Princess Street theatre to close

Ninety-year-old downtown cinema will move to larger uptown location this year

Princess Street in the 1960s.
Princess Street in the 1960s.
Empire Theatres bought the Princess Street location in 2005.
Empire Theatres bought the Princess Street location in 2005.
Screening Room owner Wendy Hout says she has no plans to take over the Capitol 7 Theatre.
Screening Room owner Wendy Hout says she has no plans to take over the Capitol 7 Theatre.

Gone are the days of cheap Tuesdays at the downtown theatre.

Empire Theatres announced the closing of Capitol 7 cinema on Princess Street last month.

After Empire finds a buyer for the seven-screen theatre, the company will move its operations into a new 10-screen megaplex at Division Street and Dalton Avenue, near Highway 401.

The Capitol 7 building has been a mecca for mainstream moviegoers in Kingston for more than 90 years. Empire bought the theatres in 2005 from Famous Players, who purchased the site shortly after it was built around 1920.

Students get a discount of over 30 per cent when they show their student card at the theatre.

The new tenant at the Princess Street location won’t be able to screen movies. A clause in Empire’s sales contract negates any opportunity for competing interests. “It’ll be sold to somebody that will not operate it as a movie theatre,” said Dean Leland, vice-president media and studio relations at Empire Theatres.

According to the records of the City of Kingston Heritage Committee, the Capitol 7 building isn’t a heritage site. But the cinema is a landmark in a long legacy of theatres on Princess Street downtown.

In the 1940s, buildings that currently operate as James Red Furniture Kingston store, the Trailhead building, Stages nightclub and Ale House were all one-screen theatres.

When Empire’s Capitol 7 theatre closes, the Screening Room will be the only movie theatre in the downtown area.

“I know that there’s a large amount of people in Kingston who live downtown, work downtown and go to school downtown and going to the new Empire location or going to the Cineplex is just too far to travel,” Screening Room owner Wendy Huot, said.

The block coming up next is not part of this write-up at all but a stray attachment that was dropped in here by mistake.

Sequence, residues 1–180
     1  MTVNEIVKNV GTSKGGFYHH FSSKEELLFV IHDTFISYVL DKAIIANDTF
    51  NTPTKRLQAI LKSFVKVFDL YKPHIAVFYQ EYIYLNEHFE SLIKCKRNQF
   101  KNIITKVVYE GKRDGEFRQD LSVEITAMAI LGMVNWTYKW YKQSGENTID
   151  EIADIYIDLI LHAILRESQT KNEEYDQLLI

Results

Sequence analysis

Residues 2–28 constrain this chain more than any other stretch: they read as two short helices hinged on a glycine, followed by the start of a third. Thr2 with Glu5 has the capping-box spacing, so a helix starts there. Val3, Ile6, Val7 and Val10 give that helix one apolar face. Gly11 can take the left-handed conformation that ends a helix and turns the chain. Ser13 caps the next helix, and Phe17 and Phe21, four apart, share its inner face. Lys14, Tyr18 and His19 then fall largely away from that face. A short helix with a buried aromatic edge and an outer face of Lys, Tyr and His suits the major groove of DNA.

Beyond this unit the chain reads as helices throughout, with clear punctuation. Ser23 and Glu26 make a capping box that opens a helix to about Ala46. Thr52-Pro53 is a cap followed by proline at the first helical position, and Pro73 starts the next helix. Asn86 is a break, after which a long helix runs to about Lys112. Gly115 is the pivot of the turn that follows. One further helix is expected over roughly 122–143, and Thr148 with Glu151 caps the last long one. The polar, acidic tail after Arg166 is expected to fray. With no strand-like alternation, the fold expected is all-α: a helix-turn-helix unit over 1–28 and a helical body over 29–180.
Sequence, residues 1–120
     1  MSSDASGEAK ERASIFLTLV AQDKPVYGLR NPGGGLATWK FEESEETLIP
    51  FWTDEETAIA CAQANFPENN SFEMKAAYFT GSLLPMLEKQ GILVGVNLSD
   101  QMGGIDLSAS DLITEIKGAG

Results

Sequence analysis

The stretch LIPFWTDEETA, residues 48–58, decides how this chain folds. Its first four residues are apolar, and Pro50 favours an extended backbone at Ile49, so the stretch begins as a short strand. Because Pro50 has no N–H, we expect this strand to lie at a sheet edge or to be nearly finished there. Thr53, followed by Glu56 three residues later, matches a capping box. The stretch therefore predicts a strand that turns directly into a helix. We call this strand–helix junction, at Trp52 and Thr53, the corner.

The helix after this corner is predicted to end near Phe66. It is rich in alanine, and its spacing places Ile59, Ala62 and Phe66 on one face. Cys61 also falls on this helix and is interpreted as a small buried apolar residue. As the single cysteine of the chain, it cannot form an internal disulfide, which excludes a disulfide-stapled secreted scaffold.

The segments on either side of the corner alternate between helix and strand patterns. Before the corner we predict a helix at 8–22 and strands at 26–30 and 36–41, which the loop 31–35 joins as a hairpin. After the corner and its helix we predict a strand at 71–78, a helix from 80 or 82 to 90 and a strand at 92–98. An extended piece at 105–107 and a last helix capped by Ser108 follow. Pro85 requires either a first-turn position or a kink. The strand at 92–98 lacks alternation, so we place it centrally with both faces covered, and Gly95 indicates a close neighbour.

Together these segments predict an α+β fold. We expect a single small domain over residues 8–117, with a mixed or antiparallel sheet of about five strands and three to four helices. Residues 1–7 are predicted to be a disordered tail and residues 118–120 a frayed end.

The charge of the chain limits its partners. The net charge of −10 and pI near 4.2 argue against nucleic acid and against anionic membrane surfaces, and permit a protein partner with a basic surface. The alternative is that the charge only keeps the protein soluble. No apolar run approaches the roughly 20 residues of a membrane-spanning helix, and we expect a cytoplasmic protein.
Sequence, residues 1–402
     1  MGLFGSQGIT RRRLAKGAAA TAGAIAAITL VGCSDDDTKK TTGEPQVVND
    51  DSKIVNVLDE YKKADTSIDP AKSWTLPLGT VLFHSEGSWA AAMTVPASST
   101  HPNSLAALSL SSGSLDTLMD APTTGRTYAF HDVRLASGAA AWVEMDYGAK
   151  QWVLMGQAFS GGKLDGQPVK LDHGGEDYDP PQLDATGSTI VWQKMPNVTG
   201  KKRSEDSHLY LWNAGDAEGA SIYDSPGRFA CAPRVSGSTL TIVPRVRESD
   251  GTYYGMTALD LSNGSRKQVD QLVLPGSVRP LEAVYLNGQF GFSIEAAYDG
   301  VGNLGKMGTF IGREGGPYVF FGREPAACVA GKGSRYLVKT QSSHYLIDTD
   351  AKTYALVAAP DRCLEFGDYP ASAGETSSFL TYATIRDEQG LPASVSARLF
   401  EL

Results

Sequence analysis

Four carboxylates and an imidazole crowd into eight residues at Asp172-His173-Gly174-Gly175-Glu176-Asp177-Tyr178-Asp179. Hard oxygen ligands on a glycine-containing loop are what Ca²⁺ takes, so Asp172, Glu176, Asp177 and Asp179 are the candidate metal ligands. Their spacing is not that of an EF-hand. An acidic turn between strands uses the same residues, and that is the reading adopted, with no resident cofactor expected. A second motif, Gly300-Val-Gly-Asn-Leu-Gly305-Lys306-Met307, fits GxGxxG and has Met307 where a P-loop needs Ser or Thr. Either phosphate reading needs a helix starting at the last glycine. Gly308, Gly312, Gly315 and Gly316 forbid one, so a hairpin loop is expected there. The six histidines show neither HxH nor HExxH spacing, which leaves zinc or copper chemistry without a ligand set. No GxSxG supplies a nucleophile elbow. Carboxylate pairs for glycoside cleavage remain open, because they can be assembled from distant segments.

“I don’t have a car, and not having that multiplex downtown is a bit of a problem if you want to see a studio Hollywood film.” The two-screen Screening Room is known for stocking alternative flicks, making it a favourite for indie-lovers and regional-film junkies. Its 89- and 56-seat theatres keep things intimate compared to Capitol 7, which houses hundreds of seats. “I anticipate it’ll be an increase in business for us, which is good,” Huot said. “But I do have a worry or concern that it redefines the Screening Room’s niche in Kingston.”

Huot said she isn’t ready to take on the hole Empire Theatre is leaving behind.

“I enjoy going to the Empire Theatre and I enjoy seeing movies that are big spectacle films,” Huot said. “But we’re not really the right venue for seeing really big movies.

“The Screening Room isn’t really big enough to fill the gap that’s left. I’m not planning to start playing really mainstream content to take its place just because I know that’s not our strength.”

Huot noted the potential for another movie theatre to occupy the downtown landscape.

“With the Empire leaving the downtown it leaves an opportunity or a market for another movie theatre that plays new Hollywood films,” she said, adding that several people have asked her whether she’ll consider taking over Capitol 7.

“Of course I won’t because I don’t have that much money,” she said. “But I’ve heard people talk about if there’s a way we can save it or if it could continue to operate as a movie theatre under new ownership.”

“It probably does mean that it’ll make it easier for the Screening Room to get the local rights to play certain films,” Huot said, adding that both the new David Cronenberg film, A Dangerous Method, and the Roman Polanski comedic-drama Carnage — which are currently running at Capitol 7 — are examples of films that she’d like to screen.

“It might make it easier for us to play the kind of films that are nominated for Oscars.”

Empire’s closing leaves organizers of the annual Kingston Canadian Film Festival (KCFF) wondering where they’ll be housing the week-long event in 2013.

Launched in 2001 at the Screening Room, KCFF expanded to use Capitol 7 theatres a year later, festival chair Blaine Allan said.

Allan, also a professor in the film and media department, said he’s concerned the annual festival will suffer from the cinema’s closing.

"We tried to keep it downtown as much as possible,” he said. “I don’t know that once it closes that there will be enough spaces downtown to accommodate all that the festival does and wants to do.”

KCFF 2012 will use both Capitol 7 and the Screening Room theatres when the festival runs in March.

“Movie theatres are characteristically part of the downtown landscape,” Allan said. “This [closing of Capitol 7] means that the last one will be gone, the last major theatre of any historic record.”

Under the ownership of Famous Players, the site was gradually revamped from a single-screen theatre to a seven-screen multiplex in the early 1990s.

In fall 2011, Empire upgraded the theatre from 35-mm film to a completely digital operation — no classical film is stored on site anymore, with modern movies kept on a hard drive.

“[The theatre] has clearly served the people who live downtown very well, for its convenience and for being within walking distance,” Allan said.

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